Bristol Memory Cafe Celebration - Blog by Jakki Whitehead, Admiral Nurse

Towards the end of last year Tony Hall of The Bristol Dementia Action Alliance (BDAA) invited Marilisa and I to the Bristol Memory Cafe Celebration to give a presentation about Riversway’s Forget Me Not Cafe along with seven other Memory Cafe coordinators in Bristol including;

*Happy Days Memory Cafe run by Tony of the BDAA

*Alive run by Isobel Jones

*The Holy Trinity Cafe run by Liz Leaman

*Bristol Royal Infirmary and Alzheimer’s Society’s memory cafes were also represented.

It was interesting to hear the variety of approaches used in the different settings but what was really evident was the enthusiasm of all those involved and the passion for improving the lives of those with dementia and their carers.

This presentation coincided with Laura, a Research and Evaluation Officer at Dementia UK, producing a poster about an Admiral Nurse and The Forget Me Not Cafe at Riversway.

Marilisa and I started by introducing ourselves and Riversway Nursing Home; we explained that times had changed and that residents who had been with us for 10-15 years had passed on.

 

We recognised that we needed a new forum to get to know the new residents and their relatives as quickly as possible and decided to use the recognised form 'This is Me' as well as a memory cafe as a basis to develop our knowledge of the residents.

 

The main aims of the Forget Me Not  Cafe were to;

  • Help residents, relatives and staff to develop relationships and to get to know some of their life story in a relatively short period of time. The ‘This is Me’ maybe filled in with resident and relatives.
  • Facilitate access for residents and relatives to expert support from an Admiral Nurse.
  • Create an avenue for families to discuss shared challenges.  One relative commented that he had more support at the cafe in 5 minutes than he had received in 3 months in a hospital. 
  • Facilitate an inclusive environment in the home between residents with cognitive impairment and those without.  A resident who had a stroke and very little cognitive impairment found that she felt much more useful when she was able to help residents who had more of a communication problem than she did.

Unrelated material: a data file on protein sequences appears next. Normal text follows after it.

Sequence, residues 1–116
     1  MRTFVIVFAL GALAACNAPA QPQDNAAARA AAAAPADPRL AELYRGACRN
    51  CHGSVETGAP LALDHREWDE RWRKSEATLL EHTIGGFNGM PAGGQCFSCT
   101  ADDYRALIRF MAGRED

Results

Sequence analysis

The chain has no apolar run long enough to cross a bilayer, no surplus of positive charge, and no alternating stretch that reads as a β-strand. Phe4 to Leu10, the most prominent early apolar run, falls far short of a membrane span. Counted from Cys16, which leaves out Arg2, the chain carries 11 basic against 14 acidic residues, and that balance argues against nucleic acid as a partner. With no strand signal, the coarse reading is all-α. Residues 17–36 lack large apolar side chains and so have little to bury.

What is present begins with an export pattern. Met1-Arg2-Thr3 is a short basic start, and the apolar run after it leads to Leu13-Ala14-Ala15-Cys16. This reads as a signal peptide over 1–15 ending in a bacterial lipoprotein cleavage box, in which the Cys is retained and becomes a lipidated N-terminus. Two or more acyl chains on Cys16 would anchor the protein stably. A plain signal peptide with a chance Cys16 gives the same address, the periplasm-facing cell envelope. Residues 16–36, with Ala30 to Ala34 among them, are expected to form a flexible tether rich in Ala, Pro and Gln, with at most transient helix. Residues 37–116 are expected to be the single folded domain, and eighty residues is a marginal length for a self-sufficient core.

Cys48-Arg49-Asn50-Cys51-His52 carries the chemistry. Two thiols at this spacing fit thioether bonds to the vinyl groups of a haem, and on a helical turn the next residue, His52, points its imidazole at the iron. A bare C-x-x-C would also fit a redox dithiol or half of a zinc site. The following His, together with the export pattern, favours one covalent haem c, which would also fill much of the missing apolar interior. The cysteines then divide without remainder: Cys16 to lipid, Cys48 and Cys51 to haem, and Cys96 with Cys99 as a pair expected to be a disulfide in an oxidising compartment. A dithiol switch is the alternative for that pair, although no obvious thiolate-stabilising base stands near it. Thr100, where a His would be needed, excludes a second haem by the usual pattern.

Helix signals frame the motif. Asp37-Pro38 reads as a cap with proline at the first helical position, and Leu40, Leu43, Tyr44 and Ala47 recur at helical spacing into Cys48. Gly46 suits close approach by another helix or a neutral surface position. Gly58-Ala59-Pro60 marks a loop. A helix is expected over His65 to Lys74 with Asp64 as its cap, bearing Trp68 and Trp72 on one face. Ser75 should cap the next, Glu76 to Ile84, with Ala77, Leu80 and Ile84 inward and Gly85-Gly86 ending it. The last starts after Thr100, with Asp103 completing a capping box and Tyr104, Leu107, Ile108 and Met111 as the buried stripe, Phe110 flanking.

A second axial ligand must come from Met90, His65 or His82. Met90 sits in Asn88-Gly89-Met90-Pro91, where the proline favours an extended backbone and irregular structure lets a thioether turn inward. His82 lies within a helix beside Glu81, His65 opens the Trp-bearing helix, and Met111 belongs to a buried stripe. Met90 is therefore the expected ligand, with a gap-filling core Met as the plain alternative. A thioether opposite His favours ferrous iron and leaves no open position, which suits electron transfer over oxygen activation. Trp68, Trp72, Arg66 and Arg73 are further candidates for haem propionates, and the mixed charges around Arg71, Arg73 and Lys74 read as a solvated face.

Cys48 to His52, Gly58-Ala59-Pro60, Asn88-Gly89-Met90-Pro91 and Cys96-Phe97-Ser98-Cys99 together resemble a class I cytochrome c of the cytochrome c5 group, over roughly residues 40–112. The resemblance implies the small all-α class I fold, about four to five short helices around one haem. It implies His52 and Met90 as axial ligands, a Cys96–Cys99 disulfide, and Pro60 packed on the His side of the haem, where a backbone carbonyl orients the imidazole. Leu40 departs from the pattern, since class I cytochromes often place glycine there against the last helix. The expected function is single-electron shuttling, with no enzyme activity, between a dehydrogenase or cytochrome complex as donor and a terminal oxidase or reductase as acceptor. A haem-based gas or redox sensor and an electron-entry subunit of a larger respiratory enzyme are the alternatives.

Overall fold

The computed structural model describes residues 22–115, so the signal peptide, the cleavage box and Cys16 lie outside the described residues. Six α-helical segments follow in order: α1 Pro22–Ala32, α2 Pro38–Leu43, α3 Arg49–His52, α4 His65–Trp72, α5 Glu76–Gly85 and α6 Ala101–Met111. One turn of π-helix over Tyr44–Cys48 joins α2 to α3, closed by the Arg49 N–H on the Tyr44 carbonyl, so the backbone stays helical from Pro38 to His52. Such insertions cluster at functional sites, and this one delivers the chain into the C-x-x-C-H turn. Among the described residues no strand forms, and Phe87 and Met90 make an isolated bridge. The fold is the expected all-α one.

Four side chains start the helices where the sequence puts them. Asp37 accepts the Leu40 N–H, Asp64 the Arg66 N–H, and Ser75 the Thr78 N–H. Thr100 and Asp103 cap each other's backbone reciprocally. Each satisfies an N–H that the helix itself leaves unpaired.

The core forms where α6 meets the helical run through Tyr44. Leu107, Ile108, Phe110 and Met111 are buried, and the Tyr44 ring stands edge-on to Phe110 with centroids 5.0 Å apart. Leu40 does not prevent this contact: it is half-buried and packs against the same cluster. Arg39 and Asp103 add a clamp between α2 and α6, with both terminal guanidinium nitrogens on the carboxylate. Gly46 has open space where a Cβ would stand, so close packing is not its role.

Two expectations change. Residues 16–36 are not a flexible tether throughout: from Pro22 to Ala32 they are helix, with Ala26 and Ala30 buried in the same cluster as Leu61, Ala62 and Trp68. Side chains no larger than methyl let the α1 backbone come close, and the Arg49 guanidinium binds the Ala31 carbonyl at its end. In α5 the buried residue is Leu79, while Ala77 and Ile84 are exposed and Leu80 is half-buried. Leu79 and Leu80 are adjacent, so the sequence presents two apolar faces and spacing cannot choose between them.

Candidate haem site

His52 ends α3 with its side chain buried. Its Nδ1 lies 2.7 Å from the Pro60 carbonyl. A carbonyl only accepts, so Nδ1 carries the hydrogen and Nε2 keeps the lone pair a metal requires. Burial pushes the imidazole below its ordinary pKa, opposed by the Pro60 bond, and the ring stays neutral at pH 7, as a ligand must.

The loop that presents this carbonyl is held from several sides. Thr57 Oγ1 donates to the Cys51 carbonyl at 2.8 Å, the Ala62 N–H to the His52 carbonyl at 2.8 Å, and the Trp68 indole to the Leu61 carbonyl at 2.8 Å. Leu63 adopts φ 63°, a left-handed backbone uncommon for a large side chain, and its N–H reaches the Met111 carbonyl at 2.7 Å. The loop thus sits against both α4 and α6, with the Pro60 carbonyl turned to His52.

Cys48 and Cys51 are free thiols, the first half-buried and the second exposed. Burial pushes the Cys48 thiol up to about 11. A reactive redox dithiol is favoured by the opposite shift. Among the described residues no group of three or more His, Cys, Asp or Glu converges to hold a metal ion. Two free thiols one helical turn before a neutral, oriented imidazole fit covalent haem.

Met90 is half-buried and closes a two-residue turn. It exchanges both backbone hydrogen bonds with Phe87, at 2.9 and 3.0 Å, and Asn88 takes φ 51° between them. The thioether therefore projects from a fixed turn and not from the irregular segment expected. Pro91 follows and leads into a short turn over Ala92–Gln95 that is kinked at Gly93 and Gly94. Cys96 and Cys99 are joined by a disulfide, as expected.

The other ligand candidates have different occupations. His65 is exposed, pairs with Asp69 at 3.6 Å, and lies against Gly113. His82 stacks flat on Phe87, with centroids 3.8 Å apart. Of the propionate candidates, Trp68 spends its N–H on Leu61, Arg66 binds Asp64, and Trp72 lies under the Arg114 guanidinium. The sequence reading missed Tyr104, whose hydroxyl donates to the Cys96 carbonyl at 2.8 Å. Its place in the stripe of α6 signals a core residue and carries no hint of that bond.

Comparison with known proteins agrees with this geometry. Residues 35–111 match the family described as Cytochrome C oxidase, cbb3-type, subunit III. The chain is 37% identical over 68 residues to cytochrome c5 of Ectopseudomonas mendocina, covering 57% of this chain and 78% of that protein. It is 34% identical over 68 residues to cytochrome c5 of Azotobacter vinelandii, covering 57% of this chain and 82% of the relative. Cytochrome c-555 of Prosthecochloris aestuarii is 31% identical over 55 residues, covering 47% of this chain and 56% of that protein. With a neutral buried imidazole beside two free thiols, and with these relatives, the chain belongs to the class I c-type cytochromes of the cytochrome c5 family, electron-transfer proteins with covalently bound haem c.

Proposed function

We spoke about the main rule which was that once a month the kitchen provides us with really scrumptious cakes!

A choice from Victoria Sponge, Carrot, Coffee and Walnut, Lemon Drizzle, Blueberry, Chocolate, Red Velvet, Danish Pastries, fruit cakes and a variety of biscuits..... Catering for most diets; normal, gluten free, low sugar, vegan.

We encourage all residents, relatives, friends, staff and relatives of people who have passed on, to attend.

 

So why cake?

  • To promote an inclusive, happy and enjoyable atmosphere within the home.
  • To promote the importance of decision making amongst all residents - which cake? Most of our residents still retain the ability to choose which cake, even in advanced dementia.
  • To provide textures and flavours for sensory stimulation and reminiscence. It is a joy to see a resident who have been very ill and have a very complicated eating regime brightening with delight when they have cake and gingerbread men: ‘those gingerbread men brought back memories of my childhood’.
  • Promotes involvement of all different parts of the staff team and they are starting to own the process, meaning that they feel involved and thus involve residents and relatives, staff come to join in for a while and take cake back to residents in their rooms.

This leads to reminiscence, activities, sensory stimulation; Life stories being shared and recorded; residents, families, friends and staff getting to know each other in a relaxed environment; relationships being built throughout the home, with residents, relatives and staff; improved wellbeing with residents and relatives feeling supported by staff who have a good level of experience. One resident really responded to me giving him cake, he started to realise that I did care for him and that things could improve in some ways; this was a time when everything in his life seemed dark.

 

What Happens?  

We can have visiting numbers from 15-32 (a squeeze!), Residents are the main attenders, the average number of relatives attending is about 7 but sometimes more.

We often just chat but also run activities such as singing, poetry reading or choosing pictures for decorating the home.

We might put all sorts of tactile items on the tables, we have a volunteer who brings Twiddle Muffs, Twiddle Aprons and crocheted mats from her craft group, they are always popular we put out other reminiscence stuff as well.

Comments from the relatives about the cafe are generally positive. A relative in a Focus Group commented that ‘The families find confidence in the fact that the Admiral Nurse holds the cafes…so she is available to them and they have confidence in her and talk about the conditions.’ Another helper commented that he had ‘never seen so much cake be eaten by so many people in so little time and then for them to go on and eat their lunch too!’

 


 

Finally, it is great to see so many people getting so much out of the Forget Me Not Cafe but it is also safe to say that Marilisa and I enjoy it too.


 

 

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